Saturday, March 30, 2013

Gear Up for Spring - Biking with Your Dog

A recent article from

When you think about the activities that you can do with your dog, your list might look like this: walk, run, play fetch. With such a short list, you probably cycle through these pretty quickly. Why not shake things up a bit and introduce your dog to something new? Spring is a wonderful time to ride your bike and the best part is that your dog can come with you. It's the perfect way to bond and reconnect with your pooch and enjoy that fresh spring air together.
Can Any Dog Bike?
It makes sense that a healthy dog that's used to walking, running, or hiking is a great candidate for a bike mate. But what if your dog is small and doesn't need much exercise? Don't worry! There are a few different ways that will allow your dog to join you so you don't have to leave that wagging tail and adorable little face behind.

  • Bike Leash - For an active, healthy dog, a bike leash is your answer. Bike leashes hook on the side of a bike and attach to your dog's padded harness so she's running right along side of you. It's designed to control your dog in case she pulls in a different direction and ensures the safety of both dog and rider. NEVER bring your dog on a regular leash that will leave you with just one hand on the handle bars and the other holding your dog's leash. This can be extremely dangerous. Bike leashes were designed to free your hands so you can drive the bike properly.
  • Riders & Baskets - For your small dog that doesn't really need much exercise, you can still bond with them on a bicycling trip by using a pet rider or a basket. Baskets attached to the front handle bars and have a harness or strap that keeps your furry passenger hooked safely and secured. Riders also work the same way, although these can be attached to the front or back of a bike and also include a safety harness.
Start Small
Once you've determined the best way to bring your dog along, it's time to get her acclimated to being with the bike. Show her how you are attaching the leash to your bicycle or set her in the rider to get her used to it. For the initial few outings, just walk your bike. When she starts to become comfortable, hop on the bike and go slowly at first. Plan on just going around the block the first time, followed by one or two more blocks as she adjusts to this new activity. This is also a good time to make sure that your dog is properly secured to the bike so there aren't any mishaps.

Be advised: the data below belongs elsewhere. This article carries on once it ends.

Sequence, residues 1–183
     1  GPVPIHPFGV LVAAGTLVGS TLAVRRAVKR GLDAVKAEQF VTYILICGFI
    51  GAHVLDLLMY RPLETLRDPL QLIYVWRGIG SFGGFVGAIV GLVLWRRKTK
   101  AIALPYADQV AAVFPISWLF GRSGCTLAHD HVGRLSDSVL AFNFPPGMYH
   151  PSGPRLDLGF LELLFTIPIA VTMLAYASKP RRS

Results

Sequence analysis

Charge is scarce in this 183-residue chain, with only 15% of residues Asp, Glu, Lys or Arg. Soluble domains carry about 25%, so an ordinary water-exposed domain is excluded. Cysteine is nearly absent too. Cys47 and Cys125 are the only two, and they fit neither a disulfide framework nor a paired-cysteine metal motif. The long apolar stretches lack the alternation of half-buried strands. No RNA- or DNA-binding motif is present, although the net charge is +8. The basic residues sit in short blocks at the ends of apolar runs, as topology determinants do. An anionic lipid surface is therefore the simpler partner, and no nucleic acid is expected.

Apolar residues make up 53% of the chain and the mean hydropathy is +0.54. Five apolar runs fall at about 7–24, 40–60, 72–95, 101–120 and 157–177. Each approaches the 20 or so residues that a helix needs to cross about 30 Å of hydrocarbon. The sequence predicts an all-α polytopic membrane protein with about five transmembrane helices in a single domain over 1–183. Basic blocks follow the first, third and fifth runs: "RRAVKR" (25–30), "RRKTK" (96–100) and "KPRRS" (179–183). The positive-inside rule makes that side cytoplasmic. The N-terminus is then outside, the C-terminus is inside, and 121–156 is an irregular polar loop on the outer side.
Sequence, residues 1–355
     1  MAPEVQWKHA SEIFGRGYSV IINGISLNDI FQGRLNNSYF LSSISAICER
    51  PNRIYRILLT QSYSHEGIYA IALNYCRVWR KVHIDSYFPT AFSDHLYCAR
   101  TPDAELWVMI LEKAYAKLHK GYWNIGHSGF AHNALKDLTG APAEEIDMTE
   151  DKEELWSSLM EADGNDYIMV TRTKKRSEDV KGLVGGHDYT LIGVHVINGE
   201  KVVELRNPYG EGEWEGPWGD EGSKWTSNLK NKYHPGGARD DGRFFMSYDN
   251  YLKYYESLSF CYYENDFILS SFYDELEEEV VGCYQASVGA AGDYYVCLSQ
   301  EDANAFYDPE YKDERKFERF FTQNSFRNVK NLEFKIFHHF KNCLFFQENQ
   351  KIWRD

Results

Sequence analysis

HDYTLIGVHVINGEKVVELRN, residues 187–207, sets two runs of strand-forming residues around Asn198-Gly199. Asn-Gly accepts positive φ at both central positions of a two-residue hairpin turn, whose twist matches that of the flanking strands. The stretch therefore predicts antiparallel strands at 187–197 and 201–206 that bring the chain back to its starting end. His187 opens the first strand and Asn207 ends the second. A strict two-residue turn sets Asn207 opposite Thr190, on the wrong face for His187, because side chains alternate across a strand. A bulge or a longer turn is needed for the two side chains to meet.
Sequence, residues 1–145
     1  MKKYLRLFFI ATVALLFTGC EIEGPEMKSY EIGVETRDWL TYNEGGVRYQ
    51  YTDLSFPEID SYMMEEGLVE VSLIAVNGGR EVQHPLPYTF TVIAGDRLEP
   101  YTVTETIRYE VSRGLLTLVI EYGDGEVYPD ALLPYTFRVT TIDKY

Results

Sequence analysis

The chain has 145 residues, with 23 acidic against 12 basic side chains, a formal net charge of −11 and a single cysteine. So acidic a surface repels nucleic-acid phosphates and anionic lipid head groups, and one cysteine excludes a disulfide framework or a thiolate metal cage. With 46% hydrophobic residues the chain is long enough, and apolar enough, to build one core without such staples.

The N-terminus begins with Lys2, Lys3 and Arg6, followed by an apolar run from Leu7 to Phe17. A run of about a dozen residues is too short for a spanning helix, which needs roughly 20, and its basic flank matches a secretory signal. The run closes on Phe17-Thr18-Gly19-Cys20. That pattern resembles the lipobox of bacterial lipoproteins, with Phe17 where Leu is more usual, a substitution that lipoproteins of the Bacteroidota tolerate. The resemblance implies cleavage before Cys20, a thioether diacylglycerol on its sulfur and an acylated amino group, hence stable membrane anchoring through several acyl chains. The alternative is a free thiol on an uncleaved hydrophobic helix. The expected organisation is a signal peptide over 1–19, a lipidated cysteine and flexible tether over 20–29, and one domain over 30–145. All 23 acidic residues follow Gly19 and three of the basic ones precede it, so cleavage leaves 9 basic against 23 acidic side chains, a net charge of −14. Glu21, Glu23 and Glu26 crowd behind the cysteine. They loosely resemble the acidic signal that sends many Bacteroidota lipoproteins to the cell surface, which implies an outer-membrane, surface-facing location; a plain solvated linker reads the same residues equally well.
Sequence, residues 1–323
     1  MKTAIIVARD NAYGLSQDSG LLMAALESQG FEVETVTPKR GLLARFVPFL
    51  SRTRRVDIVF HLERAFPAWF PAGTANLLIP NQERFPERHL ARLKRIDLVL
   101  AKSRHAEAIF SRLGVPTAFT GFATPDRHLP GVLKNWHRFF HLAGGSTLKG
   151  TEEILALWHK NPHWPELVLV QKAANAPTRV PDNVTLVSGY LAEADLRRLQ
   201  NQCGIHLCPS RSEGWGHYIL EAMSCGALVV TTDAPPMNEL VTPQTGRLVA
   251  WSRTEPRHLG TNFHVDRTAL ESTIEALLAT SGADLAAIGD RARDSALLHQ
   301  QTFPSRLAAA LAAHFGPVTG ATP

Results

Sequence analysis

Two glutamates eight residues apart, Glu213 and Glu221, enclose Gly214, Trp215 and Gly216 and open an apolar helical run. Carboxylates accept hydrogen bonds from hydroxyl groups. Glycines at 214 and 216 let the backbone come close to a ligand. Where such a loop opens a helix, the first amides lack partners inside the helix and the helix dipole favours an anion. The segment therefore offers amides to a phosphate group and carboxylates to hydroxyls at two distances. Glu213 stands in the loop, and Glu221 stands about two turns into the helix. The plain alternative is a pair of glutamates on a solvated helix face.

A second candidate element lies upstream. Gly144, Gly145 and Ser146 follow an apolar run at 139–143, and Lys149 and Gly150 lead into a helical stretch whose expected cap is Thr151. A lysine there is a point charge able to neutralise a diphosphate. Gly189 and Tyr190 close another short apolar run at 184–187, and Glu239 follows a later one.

If the biking is going well and she's not afraid or stressed out, you can then begin lengthening your bike trips and moving along at a more appropriate pace.
Safety First
There are some things to keep in mind when you have your dog with you on the bike so that you both have a safe and enjoyable experience.
1. Whenever possible, use bike trails or roads that are less busy. If this isn't a nearby option, use a bike rack and drive the two of you to a nearby park or trail.
2. Avoid extraordinary heat. In the warm summer months, reserve biking outings for early mornings or early evenings before it is getting dark.
3. Bring a small pack of necessary items, including water, treats, a cell phone, and your vet's number just in case of an emergency. Make sure that your dog has all of his tags and other identification.
Just you and your dog on the open road with the wind at your backs and the sunshine on your faces is a healthy and fun way to bond with your dog. Dogs are always overjoyed to be going anywhere with their humans, so finding new ways to spend time together (like biking) is bound to bring the two of you even closer together. Show your best friend just how much you love her and hop on that bike!

Sunday, March 10, 2013

Swimming Turtles

For those of you looking for more information about turtles as pets, I found this article from Pet Business provided some valuable insight.  With two dogs and a fish tank, I'm not sure I'm ready to take on this challenge.

Friday, March 1, 2013

Stats about Pet Overpopulation

Some interesting information published by the ASPCA in regards to the pet overpopulation in the U.S.

Facts about Pet Overpopulation in the U.S.:
  • It is impossible to determine how many stray dogs and cats live in the United States; estimates for cats alone range up to 70 million.
  • The average number of litters a fertile cat produces is one to two a year; the average number of kittens is four to six per litter.
  • The average number of litters a fertile dog produces is one a year; the average number of puppies is four to six.
  • Owned cats and dogs generally live longer, healthier lives than strays.
  • Many strays are lost pets who were not kept properly indoors or provided with identification.
  • Only 10 percent of the animals received by shelters have been spayed or neutered, while 78 percent of pet dogs and 88 percent of pet cats are spayed or neutered.
  • The cost of spaying or neutering a pet is less than the cost of raising puppies or kittens for a year.